And the Inhabitants Call It Simply…Earth

By Mary Potts aka Queen of the Capes <>

Rated: G

Submitted: September, 2005

Summary: Jor-El tells Lara all about the strangest planet you could ever wish to see.


"So what sort of planet is it?" Lara had been curious ever since her husband had told her that he'd discovered a planet which not only was capable of supporting life, but also already had a thriving population of beings who were humanoid, if not actually human. Jor-El's plan was to persuade the council that the people should abandon Krypton and flee to this tiny yet intriguing planet called 'Earth'. "What's it like?"

Jor-El leaned back in his favorite chair and considered for a moment. "Well, I believe I've told you that Earth is divided into many fragments—or nations—each ruled by its own government."

Lara nodded. "You did."

"I've been observing the people of one of the larger nations, a realm called 'America'. It is located on one of three continents bearing this name, yet the natives speak as though the name belongs solely to them."

Lara raised an eyebrow.

"They are a very diverse people," Jor-El continued, "which is partly why I feel we Kryptonians would 'fit in' quite well there. I have noticed, though, that the majority of Americans are united in following some rather-er, interesting customs…"

"Oh? Such as what?"

Jor-El stroked his chin. "Well, I supposed their most important and intriguing customs center around the observation of holy days, in particular the holy day known as 'Christmas'."

"Christmas?" Lara looked very intrigued. Jor-El almost had to chuckle.

"Yes. It is a winter solstice festival in which members of the dominant religion celebrate the birth of their god by bringing trees into their houses."

Lara blinked. "Trees?"


"They bring trees *inside*?"

"From what I've observed, yes."

Lara chewed her lip thoughtfully for a moment. Then she brightened. "Oh! I get it! Their god is some kind of nature-god, right?"

"Um, no. At least, not that I'm aware."

Lara's face fell. "Oh. Well then, is it that trees play a large role in their mythology?"

"Um, no, I don't think so. I've encountered references to some kind of fruit-bearing tree in their creation accounts, but the Christmas custom specifies a type of tree that doesn't bear any fruit whatsoever. So that can't be it."

"Well then, perhaps it's just an idiosyncrasy—something someone started as a joke, but that became popular."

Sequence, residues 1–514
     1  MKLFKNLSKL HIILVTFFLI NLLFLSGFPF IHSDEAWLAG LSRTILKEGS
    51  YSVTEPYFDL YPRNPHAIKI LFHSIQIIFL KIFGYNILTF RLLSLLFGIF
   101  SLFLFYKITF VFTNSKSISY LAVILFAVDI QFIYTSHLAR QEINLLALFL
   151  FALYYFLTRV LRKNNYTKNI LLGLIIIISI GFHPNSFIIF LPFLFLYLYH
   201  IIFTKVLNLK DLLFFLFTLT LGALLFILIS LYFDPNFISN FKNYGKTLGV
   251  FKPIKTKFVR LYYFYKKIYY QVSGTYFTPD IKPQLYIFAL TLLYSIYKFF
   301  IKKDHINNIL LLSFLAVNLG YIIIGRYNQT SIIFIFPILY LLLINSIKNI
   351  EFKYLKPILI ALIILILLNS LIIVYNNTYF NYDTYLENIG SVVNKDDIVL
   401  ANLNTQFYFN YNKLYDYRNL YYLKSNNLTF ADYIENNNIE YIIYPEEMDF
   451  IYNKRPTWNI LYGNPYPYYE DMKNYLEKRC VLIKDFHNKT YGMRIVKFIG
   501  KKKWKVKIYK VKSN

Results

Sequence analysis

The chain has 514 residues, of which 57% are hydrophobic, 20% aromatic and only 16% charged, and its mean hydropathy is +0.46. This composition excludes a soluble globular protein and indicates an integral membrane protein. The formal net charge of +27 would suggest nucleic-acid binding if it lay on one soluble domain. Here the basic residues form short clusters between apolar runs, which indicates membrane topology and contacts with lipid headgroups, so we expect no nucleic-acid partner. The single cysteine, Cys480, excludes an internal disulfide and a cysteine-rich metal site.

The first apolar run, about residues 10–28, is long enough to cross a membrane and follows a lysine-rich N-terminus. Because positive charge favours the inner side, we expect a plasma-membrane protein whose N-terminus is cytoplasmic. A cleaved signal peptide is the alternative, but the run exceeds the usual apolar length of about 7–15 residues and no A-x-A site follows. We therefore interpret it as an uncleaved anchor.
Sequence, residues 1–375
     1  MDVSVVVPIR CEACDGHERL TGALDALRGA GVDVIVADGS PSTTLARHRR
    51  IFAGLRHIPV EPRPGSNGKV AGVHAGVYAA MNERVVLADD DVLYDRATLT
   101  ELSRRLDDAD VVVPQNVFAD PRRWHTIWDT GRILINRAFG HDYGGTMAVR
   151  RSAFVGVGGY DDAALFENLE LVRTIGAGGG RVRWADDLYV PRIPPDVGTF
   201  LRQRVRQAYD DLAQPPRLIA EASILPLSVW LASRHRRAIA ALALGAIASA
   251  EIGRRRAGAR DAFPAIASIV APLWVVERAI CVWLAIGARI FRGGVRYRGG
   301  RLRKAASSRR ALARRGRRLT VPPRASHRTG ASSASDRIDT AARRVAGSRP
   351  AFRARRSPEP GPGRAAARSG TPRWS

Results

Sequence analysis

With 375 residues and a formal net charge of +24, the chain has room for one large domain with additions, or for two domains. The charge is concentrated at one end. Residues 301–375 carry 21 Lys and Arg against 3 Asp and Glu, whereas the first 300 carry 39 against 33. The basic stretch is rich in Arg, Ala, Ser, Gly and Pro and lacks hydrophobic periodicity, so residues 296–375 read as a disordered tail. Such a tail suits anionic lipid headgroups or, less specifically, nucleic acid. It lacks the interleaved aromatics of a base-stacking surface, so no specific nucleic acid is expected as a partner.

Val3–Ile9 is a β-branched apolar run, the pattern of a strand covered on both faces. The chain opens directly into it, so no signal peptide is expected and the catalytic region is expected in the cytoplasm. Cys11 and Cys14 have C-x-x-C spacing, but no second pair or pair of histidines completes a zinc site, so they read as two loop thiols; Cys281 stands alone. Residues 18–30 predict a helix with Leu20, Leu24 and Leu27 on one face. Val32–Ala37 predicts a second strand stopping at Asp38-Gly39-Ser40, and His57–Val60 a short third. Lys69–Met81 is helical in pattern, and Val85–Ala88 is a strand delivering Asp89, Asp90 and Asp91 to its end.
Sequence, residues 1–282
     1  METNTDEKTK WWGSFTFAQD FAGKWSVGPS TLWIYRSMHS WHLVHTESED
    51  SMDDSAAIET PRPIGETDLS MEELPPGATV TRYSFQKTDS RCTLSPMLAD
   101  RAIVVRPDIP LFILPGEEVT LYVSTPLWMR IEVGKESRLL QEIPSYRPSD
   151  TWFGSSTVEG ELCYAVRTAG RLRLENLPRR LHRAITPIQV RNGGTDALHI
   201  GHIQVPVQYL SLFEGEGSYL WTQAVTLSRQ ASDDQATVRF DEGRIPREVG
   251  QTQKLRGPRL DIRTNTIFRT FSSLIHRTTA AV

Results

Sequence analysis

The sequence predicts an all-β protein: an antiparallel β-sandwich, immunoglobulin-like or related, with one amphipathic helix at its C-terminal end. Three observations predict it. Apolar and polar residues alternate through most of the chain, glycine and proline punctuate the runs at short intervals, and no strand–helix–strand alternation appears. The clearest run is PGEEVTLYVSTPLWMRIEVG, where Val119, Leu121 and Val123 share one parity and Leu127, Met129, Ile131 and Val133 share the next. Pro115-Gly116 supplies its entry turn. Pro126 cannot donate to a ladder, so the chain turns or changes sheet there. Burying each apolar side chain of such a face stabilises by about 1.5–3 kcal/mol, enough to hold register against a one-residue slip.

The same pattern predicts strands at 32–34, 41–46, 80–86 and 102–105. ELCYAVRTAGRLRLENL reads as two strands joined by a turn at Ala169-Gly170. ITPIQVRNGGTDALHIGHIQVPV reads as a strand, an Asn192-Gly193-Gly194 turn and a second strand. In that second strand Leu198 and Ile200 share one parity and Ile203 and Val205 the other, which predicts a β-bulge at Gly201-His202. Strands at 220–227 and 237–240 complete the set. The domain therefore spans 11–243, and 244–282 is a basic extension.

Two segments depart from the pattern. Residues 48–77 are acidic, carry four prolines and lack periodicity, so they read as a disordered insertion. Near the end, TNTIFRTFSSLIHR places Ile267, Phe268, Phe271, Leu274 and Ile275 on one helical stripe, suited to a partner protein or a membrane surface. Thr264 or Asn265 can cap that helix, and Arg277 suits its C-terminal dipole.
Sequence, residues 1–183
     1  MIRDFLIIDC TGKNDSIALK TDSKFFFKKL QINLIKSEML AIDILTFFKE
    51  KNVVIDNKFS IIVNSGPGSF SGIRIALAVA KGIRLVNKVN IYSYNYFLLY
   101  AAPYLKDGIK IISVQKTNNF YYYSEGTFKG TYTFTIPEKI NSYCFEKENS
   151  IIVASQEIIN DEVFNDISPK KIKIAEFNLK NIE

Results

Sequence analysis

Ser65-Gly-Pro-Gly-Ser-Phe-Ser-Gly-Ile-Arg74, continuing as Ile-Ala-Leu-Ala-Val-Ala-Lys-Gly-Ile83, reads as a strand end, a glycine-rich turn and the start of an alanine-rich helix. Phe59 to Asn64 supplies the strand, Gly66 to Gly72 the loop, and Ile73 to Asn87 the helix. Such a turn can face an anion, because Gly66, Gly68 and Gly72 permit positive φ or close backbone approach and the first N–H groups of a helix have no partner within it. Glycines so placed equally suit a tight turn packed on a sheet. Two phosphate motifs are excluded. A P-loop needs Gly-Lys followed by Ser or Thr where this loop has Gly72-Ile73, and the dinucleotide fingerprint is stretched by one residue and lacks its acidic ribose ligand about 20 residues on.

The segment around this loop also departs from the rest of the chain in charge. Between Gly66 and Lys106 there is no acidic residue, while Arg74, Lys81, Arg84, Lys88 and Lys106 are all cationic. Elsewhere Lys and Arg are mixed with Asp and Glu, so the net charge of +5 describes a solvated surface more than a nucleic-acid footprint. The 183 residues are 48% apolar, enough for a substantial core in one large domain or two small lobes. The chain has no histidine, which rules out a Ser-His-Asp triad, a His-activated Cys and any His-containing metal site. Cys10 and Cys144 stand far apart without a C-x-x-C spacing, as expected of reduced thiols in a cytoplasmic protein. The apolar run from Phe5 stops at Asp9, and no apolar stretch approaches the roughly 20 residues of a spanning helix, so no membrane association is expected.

"No," said Jor-El, "my research indicates it is an important—in fact, *crucial* part of the observation. There are even songs dedicated to it!"

Lara's face twisted into an expression of utter confusion.

Jor-El decided to continue past this inexplicable detail in a strange, foreign culture. "The Christmas customs also include singing and festive gatherings, as well as decorating the house— and the tree—with colored lights."

"Okay," Lara slowly nodded. "I guess that makes sense."

"It is also customary for a family to hang their socks on a wall, preferably near a fire if there is one."

"What?!" Lara looked at her husband as though he'd just grown a second head and started singing a duet with himself. "Why would they do that?"

"Well," her husband replied, "legend has it that an immortal being who dwells in the far north visits homes on this sacred night, entering through an opening in the roof—"

"The roof?"

"Yes. Homes with places for building a fire also have openings in the roof so that the smoke can escape."

"And rather than come in through the door or window, this creature climbs through the smoke-hole?"


The duet became a trio.

"He fills the socks with gifts, and also places gifts beneath the tree…"

"The tree in the middle of the house."

Jor-El nodded. "Yes."

"The one decorated with lights."

"Yes. It is also customarily topped with a figurine depicting either a star or a winged humanoid."

Lara decided she'd heard enough about this nonsense. Okay, so these people had a very strange holiday. As long as it was only once a year—and she hoped earth years were very long—she could probably live with it. "So what other important customs are there, besides this Christmas ordeal?"

"Well, there's Easter…"


"A spring festival," Jor-El elaborated. "From what I understand, members of the dominant religion hold Easter as the day their god rose from the dead."

Lara blinked again. "Okay, I'm guessing there's an interesting story there. So how do they observe this occasion?"

Jor-El frowned a little and tried to gather his thoughts. "From what I've observed, they commemorate his resurrection by boiling eggs and painting them."


"The eggs are then hidden for the children to find. The children are told that the eggs were left there the previous night by a large rabbit."

"Earth rabbits lay eggs?"

"No. They are just like rabbits here, except perhaps smaller."

Lara opened her mouth to speak, but couldn't think of anything to say. This was absolutely far-fetched! Oh, wait a minute… of course! "Jor-El, you are making this up!" She announced.

"No, I'm not!" Jor-El insisted. "I know it seems a little odd, but this is what I have observed!"

"I suppose next you'll tell me they celebrate weddings by having the groom dance with a strange girl!"

Jor-El blushed.


"I found that out quite by accident. It's called a 'bachelor party'. In some cases, weddings have been called off because of them."

Lara shook her head. "And you want our people to relocate there?! Jor-El, these people are stark, raving mad! If you tell the council about this, they will laugh in your face!"

"Lara, really! When our whole world is about to explode, do you think that the council is going to refuse to evacuate to a place of safety just because the inhabitants may be a little eccentric?"


And that, ladies and gentlemen, is the real reason why Krypton has only one survivor.